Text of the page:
Tea gardens in Nepal
This first flush fetches the highest prices, not only for its fine flavor, but also as it is produced in much lower quantity.
Many people don’t know this, but the tea grown here can be better than that of neighbouring Darjeeling. Though similar to the world famous Darjeeling teas, it is not only quite a lot cheaper, but can be of much finer quality. Sharing similar geographical and topographical conditions as Darjeeling, tea here was first introduced in Nepal a decade or so after it became established in Darjeeling.
Nepal’s teas stand out from those coming from Darjeeling and connoisseurs reckon some of the teas to be far better in aroma, fusion, taste and colour. However, Nepal tea is still unknown to much of the outside world. It lacks marketing, quantity and often fails to meet demand.
Hybrids of tea bushes were planted in Ilam Tea Estate in Ilam district at an altitude of 1,300-1,500 meters above sea level in 1863. Two years later a second tea plantation, Soktim Tea Estate was set up in the Jhapa district.
Though the Darjeeling tea industry took off in India in the following decades, tea in Nepal failed even to provide enough to meet domestic consumption. Political turmoil and the resulting economic policies under the Ranas could be seen to be largely to blame.
It was not until a century later, in the 1950s when there were moves to develop into a democratic country that Nepal’s economy started to open up to the rest of the world. There was the start of public and private investment into the stagnant tea industry and the first private tea plantation, Bhudhakaran Tea Estate was set up in the Terai in 1959.
More recently in 1996, the Nepal Tea Development Corporation (NTDC) was set up to assist in the development of the industry. In the old days, tea grown in Nepal was sent to Darjeeling for processing. The younger Nepalese tea plants produced leaves that helped improve the quality of the tea harvested from the older Darjeeling tea plants. Eventually in 1978, a tea factory was set up in Ilam to process tea, with a second factory set up in Soktim in Jhapa district soon after.
Up until the 1990s, efforts were made by to encourage small farmers to grow and produce tea. These small farmers now produce most of Nepal’s tea. By 1982 there were five districts designated as Tea Zones of Nepal : Jhapa, Ilam, Panchthar, Dhankuta and Terhathum.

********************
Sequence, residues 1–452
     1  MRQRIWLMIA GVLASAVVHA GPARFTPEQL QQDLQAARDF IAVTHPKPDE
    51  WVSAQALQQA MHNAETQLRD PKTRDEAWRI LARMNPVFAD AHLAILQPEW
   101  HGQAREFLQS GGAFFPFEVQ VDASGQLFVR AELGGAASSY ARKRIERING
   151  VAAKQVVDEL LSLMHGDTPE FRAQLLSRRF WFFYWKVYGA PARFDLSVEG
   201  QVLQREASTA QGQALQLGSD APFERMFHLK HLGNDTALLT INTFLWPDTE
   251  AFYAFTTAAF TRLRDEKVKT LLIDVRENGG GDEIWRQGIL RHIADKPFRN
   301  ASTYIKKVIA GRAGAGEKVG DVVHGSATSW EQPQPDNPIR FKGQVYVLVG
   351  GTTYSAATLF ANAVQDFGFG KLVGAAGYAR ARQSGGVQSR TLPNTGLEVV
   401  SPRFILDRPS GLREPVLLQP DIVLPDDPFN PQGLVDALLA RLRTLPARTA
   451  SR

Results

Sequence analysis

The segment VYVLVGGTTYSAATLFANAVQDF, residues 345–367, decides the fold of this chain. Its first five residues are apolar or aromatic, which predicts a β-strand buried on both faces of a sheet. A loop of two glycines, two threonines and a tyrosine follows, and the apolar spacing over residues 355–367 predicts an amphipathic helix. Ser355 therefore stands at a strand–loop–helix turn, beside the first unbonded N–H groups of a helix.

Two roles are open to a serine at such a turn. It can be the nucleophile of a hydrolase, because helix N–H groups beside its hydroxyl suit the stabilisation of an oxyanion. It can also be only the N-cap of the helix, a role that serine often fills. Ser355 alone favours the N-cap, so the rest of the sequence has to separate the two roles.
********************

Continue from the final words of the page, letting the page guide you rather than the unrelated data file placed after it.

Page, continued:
Various non-governmental organizations like Winrock, SNV and GTZ have sought to encourage development of the industry, seeing it as a way to help eradicating poverty in the rural areas where the tea plantations are concentrated.
Types of tea
Like in Darjeeling, much of the tea is orthodox tea. This refers to the process where the tea is hand-processed or rolled by machines that copy the hand rolling process. This includes most specialty teas like green tea, oolong tea, white tea and hand rolled tea. The first flush harvest starts at the end of March and lasts about a month. This is when the leaves are at their most tender and the liquor is a light yellow-green color, with a delicate taste and subtle aroma. This first flush fetches the highest prices, not only for its fine flavor, but also as it is produced in much lower quantity.
The second flush starts in the middle of May and lasts for a couple of months. The leaves become stronger and some experts rate this as the best tea. The monsoon flush or “Rainy tea” is harvested straight after the second flush at the end of July until the end of September. Due to the continuous rain, this tea is much more intense and dark making a fuller bodied tea. Last is the autumn flush that begins in October and lasts till the end of November. This tea tends to be taste more musky and has smells more tangy.
Silver tips tea refers to tea made from the very smallest, top leaf of the shoot. A delicate tasting tea, this fetches the very highest prices.
CTC tea (crush, tear, curl) refers to the processing and is produced in lower altitudes, in the plains of Nepal, mainly in Jhapa district. The quality of Nepal’s CTC tea tends to be of average quality and accounts for about 95% of domestic consumption.
Nepal’s tea industry is nowadays dominated by private companies, with the first private orthodox factory, Maloom Tea Estate being set up in 1993 (from the 1980s, the tea industry had been a government monopoly). Until 2000, Nepal only exported around 90,000–136,000 kilos a year, though since then, production has climbed to about 16 million kilograms of tea a year, accounting for just 0.4% of the total world tea output.